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Highly Accurate Subroutine Stack Prediction Mechanism

IP.com Disclosure Number: IPCOM000060383D
Original Publication Date: 1986-Mar-01
Included in the Prior Art Database: 2005-Mar-08
Document File: 2 page(s) / 15K

Publishing Venue

IBM

Related People

Emma, PG: AUTHOR [+4]

Abstract

A subroutine stack is a push-down stack that is used for guessing the return addresses of subroutine calls. Subroutine calls are usually implemented with the instructions BAL, BALR, BAS, and BASR. Returns are performed via a branch on condition register (BCR) instruction. The calling instruction specifies a register into which the next sequential address to the calling instruction is loaded (the link register), and it specifies an entry point into the subroutine by returning to the address specified in this register, i.e., the next sequential to the caller (or link). It has been determined that if a stack is kept onto which the link register is pushed at the time of a call, it is frequently the case that a subsequent BCR will branch to the address given by the top entry on the stack.

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Highly Accurate Subroutine Stack Prediction Mechanism

A subroutine stack is a push-down stack that is used for guessing the return addresses of subroutine calls. Subroutine calls are usually implemented with the instructions BAL, BALR, BAS, and BASR. Returns are performed via a branch on condition register (BCR) instruction. The calling instruction specifies a register into which the next sequential address to the calling instruction is loaded (the link register), and it specifies an entry point into the subroutine by returning to the address specified in this register, i.e., the next sequential to the caller (or link). It has been determined that if a stack is kept onto which the link register is pushed at the time of a call, it is frequently the case that a subsequent BCR will branch to the address given by the top entry on the stack. Since the stack is a push-pop stack, this particular phenomena does not preclude subroutine nesting. BCR instructions are accurately predicted by a decode history table (DHT) (i.e., they are persistent in action), yet they have extremely low accuracy in a branch history table (BHT). Since the major difference between a BHT and a DHT is that the BHT attempts to predict the target address as well as the branch action, it would appear that BCRs change their target address.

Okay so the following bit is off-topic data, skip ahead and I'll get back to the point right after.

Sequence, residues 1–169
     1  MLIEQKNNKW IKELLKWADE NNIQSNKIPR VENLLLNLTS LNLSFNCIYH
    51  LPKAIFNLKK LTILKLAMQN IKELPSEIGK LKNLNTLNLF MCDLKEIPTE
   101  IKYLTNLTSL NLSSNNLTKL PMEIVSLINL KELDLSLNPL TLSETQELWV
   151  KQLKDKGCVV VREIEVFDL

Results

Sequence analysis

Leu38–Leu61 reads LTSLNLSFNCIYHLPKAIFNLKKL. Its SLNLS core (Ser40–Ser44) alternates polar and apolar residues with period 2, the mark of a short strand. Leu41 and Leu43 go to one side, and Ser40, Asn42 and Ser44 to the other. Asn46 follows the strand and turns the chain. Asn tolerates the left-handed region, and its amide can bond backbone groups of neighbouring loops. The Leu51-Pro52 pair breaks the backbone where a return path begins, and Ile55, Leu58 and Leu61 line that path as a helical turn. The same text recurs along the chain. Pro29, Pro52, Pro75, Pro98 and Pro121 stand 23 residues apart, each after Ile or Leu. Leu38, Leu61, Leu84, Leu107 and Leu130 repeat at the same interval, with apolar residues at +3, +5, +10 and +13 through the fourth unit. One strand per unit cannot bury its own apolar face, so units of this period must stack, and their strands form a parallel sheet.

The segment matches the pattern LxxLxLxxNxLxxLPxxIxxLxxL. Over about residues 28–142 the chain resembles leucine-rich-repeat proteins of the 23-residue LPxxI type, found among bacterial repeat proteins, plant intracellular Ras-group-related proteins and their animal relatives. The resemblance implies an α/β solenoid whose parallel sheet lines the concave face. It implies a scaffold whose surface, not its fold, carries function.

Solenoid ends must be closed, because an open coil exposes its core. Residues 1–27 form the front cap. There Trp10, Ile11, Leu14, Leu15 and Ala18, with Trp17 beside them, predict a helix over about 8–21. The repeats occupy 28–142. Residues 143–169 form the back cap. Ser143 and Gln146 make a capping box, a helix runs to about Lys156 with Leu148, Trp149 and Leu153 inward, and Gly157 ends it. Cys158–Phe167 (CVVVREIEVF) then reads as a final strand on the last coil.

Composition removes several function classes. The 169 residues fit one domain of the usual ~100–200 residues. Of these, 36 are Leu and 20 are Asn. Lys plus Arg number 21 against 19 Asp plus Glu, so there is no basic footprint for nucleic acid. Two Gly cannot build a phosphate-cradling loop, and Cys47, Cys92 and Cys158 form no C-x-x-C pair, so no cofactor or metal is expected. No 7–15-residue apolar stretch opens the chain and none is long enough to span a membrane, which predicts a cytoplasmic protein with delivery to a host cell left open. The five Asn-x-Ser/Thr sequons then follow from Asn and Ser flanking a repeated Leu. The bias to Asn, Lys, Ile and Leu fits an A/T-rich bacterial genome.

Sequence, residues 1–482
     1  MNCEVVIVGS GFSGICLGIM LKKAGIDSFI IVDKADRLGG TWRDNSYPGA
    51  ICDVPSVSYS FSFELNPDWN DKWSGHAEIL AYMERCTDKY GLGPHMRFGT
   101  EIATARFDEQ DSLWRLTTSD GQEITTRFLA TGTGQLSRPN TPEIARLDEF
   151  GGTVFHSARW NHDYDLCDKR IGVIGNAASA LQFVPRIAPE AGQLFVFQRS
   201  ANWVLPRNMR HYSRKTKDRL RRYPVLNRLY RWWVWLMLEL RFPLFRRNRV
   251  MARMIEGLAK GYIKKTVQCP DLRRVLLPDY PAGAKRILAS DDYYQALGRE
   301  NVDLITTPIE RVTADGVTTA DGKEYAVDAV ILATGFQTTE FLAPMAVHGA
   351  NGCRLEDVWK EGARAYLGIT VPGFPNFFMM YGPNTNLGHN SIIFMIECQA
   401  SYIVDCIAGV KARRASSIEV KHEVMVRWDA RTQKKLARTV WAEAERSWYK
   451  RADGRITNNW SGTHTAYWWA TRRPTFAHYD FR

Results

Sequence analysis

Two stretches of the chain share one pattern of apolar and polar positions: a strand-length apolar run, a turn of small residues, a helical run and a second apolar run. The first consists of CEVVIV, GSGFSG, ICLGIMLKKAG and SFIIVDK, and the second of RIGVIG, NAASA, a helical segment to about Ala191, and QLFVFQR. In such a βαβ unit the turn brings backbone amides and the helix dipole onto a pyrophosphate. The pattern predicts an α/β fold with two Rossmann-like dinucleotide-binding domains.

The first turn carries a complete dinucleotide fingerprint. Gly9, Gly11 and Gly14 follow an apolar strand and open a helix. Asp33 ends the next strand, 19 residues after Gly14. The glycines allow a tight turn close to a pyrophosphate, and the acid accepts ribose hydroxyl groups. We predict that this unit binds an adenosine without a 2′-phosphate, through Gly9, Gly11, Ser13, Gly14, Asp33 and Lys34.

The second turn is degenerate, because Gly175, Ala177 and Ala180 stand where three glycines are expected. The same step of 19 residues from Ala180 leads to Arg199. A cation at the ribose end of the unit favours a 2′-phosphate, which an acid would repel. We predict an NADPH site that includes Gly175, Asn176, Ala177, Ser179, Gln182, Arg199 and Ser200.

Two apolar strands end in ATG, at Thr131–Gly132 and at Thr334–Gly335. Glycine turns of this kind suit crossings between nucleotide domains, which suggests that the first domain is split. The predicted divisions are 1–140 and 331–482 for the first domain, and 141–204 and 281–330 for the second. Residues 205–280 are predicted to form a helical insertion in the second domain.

Indeed, this is the case since a subroutine when called by procedure A will return to procedure A (via a BCR), and when it is called by procedure B, it will return to procedure B (via the same BCR). Since there was no apparent way of distinguishing which of the BAL and BALR instructions were, in fact, implementing a subroutine call, and no apparent way of distinguishing which of the BCR instructions were in fact subroutine returns, in view of the determination above, the broad assumption is that all BALs and BALRs were calls, and all BCRs were returns. Thus, in such a stack, all BALs and BALRs cause the link register to be pushed, and all taken BCRs cause the stack to be popped. This resulted in an improvement in accuracy over the BHT, yet the improvement was less dramatic than might have been expected. This is because not all BALs and BALRs are calls, and not all BCRs are returns. Thus, this type stack would attempt prediction in many cases that were inappropriate, and would subsequently make many erroneous predictions. The proposed mechanism is a stack that is able to recognize such cases. Thus, this stack will not predict as frequently as the just described stack, but when it does predict, it predicts correctly. This is accomplished by considering other aspects of subroutine call- return that would normally be apparent in the code, and eliminating those candidate subroutine returns that do not display such aspects. Specifically, these aspects are the STM (save context) which is typically done upon subroutine entry, and the LM (restore context) which is typi...